She lives down the street from us. She used to live across the street. She used to be ten. She's older than that now. She was the one who took delight in teaching our little boy how to walk. She has lately been busy teaching her own son how to get around. When we saw her getting out of her car, my wife noticed her pained expression. "Are you okay?"
She winced a little, "Oh, it's bursitis."
My wife moved forward and took her hand, "May I try something?"
There was a look of fear, then acceptance, "Alright." She wasn't really sure.
My wife told our young friend about how she had seen a woman in the grocery store make the pain in a checker's shoulder go away with a gentle twist and a brief massage. Standing on the sidewalk in the middle of this new day, my wife wasn't able to perform the same magic. "Have you tried," and off we went on a brief discussion of possible treatments and potential care facilities. It seemed like maybe a trip to the emergency room wasn't quite what the elusive doctor might have ordered.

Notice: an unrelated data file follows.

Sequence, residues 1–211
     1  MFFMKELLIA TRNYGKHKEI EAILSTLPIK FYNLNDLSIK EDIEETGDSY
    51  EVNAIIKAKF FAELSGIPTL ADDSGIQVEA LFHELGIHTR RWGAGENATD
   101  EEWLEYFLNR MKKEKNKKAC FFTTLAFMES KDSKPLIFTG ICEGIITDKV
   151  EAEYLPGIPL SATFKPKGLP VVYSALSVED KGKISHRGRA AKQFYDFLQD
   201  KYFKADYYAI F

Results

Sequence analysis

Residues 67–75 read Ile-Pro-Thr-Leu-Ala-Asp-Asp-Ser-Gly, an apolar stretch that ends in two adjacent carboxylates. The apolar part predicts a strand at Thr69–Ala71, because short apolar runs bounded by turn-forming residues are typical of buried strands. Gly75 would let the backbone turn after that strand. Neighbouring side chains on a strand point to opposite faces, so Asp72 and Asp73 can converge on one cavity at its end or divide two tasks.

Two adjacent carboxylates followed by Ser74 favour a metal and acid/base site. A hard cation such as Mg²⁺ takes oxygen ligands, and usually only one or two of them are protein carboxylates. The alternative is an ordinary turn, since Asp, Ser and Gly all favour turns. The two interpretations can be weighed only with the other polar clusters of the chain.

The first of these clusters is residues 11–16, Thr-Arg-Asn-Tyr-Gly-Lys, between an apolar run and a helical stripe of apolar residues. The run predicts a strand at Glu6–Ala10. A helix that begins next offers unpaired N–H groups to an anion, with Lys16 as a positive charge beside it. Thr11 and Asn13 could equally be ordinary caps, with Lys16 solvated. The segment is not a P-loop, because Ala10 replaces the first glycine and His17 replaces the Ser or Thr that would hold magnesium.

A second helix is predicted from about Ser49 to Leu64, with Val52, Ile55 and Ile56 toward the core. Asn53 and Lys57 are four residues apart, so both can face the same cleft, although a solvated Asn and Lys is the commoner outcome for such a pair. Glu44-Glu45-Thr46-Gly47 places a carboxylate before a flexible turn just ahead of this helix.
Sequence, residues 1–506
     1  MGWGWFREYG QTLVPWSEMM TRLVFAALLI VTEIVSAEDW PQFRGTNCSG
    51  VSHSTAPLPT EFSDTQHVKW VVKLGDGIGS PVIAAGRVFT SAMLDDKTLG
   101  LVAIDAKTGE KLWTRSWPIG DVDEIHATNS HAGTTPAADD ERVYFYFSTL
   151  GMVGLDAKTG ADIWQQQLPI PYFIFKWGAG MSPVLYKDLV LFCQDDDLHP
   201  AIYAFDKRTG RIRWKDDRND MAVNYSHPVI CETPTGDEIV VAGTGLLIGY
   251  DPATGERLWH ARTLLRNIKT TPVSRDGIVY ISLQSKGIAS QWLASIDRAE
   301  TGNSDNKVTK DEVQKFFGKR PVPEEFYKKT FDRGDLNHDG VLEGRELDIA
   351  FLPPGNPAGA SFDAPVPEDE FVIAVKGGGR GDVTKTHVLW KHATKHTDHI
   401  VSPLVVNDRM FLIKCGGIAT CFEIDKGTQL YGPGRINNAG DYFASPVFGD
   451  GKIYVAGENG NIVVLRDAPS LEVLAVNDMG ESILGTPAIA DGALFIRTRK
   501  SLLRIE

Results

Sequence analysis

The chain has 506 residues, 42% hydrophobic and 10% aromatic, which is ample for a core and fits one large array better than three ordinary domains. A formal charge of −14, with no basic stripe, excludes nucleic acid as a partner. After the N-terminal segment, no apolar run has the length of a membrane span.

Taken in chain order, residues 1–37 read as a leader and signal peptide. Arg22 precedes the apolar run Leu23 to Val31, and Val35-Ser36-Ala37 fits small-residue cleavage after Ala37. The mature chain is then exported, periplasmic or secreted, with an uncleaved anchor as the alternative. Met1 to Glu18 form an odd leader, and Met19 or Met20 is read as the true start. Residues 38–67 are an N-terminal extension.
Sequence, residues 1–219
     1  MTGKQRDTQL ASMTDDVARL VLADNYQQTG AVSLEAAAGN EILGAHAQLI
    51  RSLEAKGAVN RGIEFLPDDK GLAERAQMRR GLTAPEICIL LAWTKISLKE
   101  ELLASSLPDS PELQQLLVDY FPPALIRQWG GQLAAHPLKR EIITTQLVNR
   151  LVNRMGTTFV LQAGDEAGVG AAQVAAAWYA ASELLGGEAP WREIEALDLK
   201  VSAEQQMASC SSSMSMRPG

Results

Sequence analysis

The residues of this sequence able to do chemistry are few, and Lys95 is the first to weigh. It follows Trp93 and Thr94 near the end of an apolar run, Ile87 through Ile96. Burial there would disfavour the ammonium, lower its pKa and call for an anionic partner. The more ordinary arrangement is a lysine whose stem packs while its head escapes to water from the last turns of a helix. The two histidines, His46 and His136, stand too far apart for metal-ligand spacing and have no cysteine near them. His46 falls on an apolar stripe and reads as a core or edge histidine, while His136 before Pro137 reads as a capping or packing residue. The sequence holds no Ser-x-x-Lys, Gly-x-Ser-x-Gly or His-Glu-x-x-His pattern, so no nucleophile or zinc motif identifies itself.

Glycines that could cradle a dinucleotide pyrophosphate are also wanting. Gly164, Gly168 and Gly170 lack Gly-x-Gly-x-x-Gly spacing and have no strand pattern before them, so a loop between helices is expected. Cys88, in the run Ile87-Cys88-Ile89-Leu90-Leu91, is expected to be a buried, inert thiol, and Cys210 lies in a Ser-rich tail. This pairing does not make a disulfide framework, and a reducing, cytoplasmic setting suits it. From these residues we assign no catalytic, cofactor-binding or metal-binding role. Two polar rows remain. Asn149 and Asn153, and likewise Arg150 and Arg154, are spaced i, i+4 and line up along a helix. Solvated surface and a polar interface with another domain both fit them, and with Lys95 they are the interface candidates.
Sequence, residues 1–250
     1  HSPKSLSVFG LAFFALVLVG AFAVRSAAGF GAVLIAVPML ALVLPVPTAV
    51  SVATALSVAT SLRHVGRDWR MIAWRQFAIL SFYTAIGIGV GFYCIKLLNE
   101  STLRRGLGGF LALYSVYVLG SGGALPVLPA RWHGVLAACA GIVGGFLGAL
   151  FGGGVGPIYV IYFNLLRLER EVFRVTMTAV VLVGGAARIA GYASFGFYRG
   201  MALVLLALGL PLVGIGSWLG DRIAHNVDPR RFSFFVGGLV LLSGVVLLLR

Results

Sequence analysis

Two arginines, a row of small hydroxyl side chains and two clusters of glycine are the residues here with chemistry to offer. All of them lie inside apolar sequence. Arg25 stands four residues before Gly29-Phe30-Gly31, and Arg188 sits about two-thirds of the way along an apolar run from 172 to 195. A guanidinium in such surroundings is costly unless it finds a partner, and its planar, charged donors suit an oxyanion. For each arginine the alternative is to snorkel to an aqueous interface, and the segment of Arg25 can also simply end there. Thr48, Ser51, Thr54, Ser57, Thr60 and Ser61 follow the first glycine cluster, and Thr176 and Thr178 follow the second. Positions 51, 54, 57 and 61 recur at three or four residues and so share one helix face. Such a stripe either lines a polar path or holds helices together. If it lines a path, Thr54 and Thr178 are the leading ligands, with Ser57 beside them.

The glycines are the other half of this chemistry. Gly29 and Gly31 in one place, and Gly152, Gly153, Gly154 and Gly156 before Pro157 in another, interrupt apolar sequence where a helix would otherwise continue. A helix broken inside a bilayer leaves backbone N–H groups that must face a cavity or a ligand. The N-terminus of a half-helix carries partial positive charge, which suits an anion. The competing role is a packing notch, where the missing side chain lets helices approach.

Bursitis? How could this young thing be suffering from this old person's malady? Okay. Maybe you didn't have to be old to have bursitis. You just needed to have some repetitive motion, enough that it could wear out the bursa sac in your shoulder. I looked at her face again. There were some miles on that face. Highway miles. We had done our wringing hands dance way back when we learned that she was going to be a teen mom. It wasn't going to be as flashy or interesting as those on MTV, nor as confounding as the children of the children I am now teaching at my elementary school. This was a reality check. My wife and I had our own sore knees and shoulders to kvetch about, and now we had to consider the creeping decrepitude (my wife's term) of the kids in our neighborhood.
Former kids. Now adults. Somebody's mom. We were, by logical juxtaposition, the grandparents in this equation. What could we hope to gain except an understanding of our own mortality? Helping a neighbor. Visiting an old friend.